NewsVaccine in Arizona


Arizona expects to have 383K doses of the COVID-19 vaccine this December

Posted at 6:35 PM, Dec 11, 2020
and last updated 2020-12-13 19:13:23-05

PHOENIX — The state shared details on their COVID-19 vaccine roll-out plan Friday, which includes prioritizing frontline medical workers, and allocating the limited number of doses to different counties based on population.

The first 58,500 doses should start arriving as early as December 13 and will be split between Maricopa and Pima County healthcare workers.

Most Arizona counties will not have vaccine doses until the week of December 20. The state expects its second shipment of 189,600 doses that week. At that point, each county and Native American tribe, community, or nation will receive their first doses.

The vaccine requires two separate shots, and people must come back a few weeks later for a booster in order to achieve the desired immunity.

"It's really going to be very telling in the next few weeks as for how the logistics are actually operating and where are we finding hiccups. Hopefully [AZDHS] exercised these scenarios to, kind of, get out some of the kinks before we actually receive the vaccine," said ABC15 analyst and former Director of the Arizona Department of Emergency Management Wendy Smith Reeve.

Arizona Department of Health Services says they have been planning this rollout for months. They expect to have a website online in the coming days where people can learn more about where to get a vaccine, when they need to come back for a second dose, and other frequently asked questions.

HonorHealth Medical Group spent Friday morning unloading ancillary kits that Phizer provided Maricopa County.

"This is extremely important. We’ve been waiting for these for quite a while," said Tim Miller, HonorHealth's Vice President of Supply Chain. "Hundreds of people have been working on this project, and it’s culminating in receiving these kits and getting the vaccines next week."

While the initial doses will be reserved for medical workers who come in contact with COVID-19 on an almost daily basis, long-term care staff and residents will also be able to get shots before the end of the year.

Many are relieved to finally know there is a vaccine available.

"Most healthcare workers are willing to take the vaccine," said Dr. Christ.

Polling done in Arizona, though, revealed 37% of the healthcare workers said they did not plan to get the initial vaccine.

It is unclear what the eagerness will be for essential works, like police officers and firefighters, or higher-risk individuals, which are the two groups in-line after healthcare workers.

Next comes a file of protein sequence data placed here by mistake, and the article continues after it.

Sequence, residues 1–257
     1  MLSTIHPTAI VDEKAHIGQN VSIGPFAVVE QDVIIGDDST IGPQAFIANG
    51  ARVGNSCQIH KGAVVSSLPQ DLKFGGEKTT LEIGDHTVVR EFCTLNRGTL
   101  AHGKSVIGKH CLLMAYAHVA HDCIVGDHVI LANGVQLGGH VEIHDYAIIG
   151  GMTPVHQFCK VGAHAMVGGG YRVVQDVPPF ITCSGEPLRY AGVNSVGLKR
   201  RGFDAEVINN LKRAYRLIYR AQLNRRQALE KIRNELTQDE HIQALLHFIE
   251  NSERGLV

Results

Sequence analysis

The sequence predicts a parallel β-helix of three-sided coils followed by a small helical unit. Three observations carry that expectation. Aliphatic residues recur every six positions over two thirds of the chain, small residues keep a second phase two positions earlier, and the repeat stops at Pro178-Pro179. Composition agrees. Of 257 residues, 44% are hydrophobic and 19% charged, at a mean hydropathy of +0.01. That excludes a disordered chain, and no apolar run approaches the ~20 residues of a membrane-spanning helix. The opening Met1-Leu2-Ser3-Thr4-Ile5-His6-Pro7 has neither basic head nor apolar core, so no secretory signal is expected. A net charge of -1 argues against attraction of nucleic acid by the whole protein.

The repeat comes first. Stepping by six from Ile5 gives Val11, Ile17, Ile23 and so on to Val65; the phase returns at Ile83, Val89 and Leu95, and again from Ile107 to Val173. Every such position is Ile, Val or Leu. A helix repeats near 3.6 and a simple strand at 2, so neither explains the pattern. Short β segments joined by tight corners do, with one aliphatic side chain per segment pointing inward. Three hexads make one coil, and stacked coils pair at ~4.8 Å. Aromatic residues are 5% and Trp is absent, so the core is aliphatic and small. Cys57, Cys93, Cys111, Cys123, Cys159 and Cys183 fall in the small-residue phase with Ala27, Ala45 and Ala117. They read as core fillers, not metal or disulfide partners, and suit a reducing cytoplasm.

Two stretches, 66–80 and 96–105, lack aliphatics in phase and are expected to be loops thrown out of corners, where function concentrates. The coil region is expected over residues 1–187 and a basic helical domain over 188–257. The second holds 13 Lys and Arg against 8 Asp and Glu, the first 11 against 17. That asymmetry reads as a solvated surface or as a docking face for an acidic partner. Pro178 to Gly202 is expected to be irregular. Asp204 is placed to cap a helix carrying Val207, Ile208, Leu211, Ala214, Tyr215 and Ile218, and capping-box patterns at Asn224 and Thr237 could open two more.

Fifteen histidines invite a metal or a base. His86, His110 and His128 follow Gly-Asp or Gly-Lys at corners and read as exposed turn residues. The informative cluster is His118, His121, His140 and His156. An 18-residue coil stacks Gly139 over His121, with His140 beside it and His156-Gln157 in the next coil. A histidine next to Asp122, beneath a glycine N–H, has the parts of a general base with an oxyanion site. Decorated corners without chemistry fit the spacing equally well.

The reluctance from some, and strong opposition by others, highlights the uphill battle state health leaders may face.

"We know that there is a vaccine hesitancy out in the community," said Dr. Christ. "The flu vaccine varies. On an average we fall anywhere between 37-50% of the population."

The state knows they need to increase buy-in and messaging around safety and efficacy if they are going to get close to 70% participation and herd immunity.

"We need people to know the vaccine is safe, effective, and for everyone’s benefit," said Dr. Christ.

The state plans to play off their existing "Roll up your sleeve" ad campaign for flu season.

The vaccine is arriving in Arizona at a time where the state is seeing an unprecedented surge. Arizona currently has the highest R-Naughtin the country, which is a key indicator as to how fast the virus is spreading.

"I think people are letting their guards down in familiar, trusted places," said Dr. Christ.

When questioned about implementing new mitigation measures, Dr. Christ said she is advising Governor Ducey to focus on enforcement.

She said the state will be cracking down on businesses that flout guidelines and allow large, maskless gatherings. Dr. Christ said she was not advising a shutdown of indoor dining, which has been enacted in some nearby states like California and even New York.

The shots will start building some much-needed immunity for some this month, but Arizona is far from in the clear.

"That’s kind of a light at the end of the tunnel. It’s still a couple months off," said Dr. Christ.

For questions surrounding the coronavirus and Arizona's numbers, visit the ADHS website HERE.

The state is also looking to recruit volunteers, with medical backgrounds and licenses, to help administer the vaccine. If you are interested, you can learn more by clicking HERE.